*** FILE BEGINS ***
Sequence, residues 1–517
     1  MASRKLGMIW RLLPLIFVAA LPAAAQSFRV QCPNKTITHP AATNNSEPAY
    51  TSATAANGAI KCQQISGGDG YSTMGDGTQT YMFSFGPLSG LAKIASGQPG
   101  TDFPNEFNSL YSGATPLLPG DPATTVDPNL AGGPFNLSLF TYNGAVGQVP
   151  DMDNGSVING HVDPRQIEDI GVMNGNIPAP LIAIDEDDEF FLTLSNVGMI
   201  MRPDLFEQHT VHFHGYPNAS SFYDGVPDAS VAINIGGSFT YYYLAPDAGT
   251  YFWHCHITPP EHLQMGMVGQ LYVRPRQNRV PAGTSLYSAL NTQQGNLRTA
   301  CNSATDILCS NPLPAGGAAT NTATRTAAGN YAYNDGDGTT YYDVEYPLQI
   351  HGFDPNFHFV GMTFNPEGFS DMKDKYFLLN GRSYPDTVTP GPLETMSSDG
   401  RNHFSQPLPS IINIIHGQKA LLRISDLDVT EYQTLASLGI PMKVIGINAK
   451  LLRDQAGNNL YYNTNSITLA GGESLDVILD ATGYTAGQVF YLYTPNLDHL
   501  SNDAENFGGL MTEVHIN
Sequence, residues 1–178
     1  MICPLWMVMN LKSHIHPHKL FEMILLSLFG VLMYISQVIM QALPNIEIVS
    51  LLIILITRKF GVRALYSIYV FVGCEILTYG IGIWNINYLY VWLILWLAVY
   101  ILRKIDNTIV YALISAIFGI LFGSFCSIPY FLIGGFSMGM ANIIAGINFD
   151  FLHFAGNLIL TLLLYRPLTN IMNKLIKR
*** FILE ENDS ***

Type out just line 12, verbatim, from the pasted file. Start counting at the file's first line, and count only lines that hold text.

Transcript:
   501  SNDAENFGGL MTEVHIN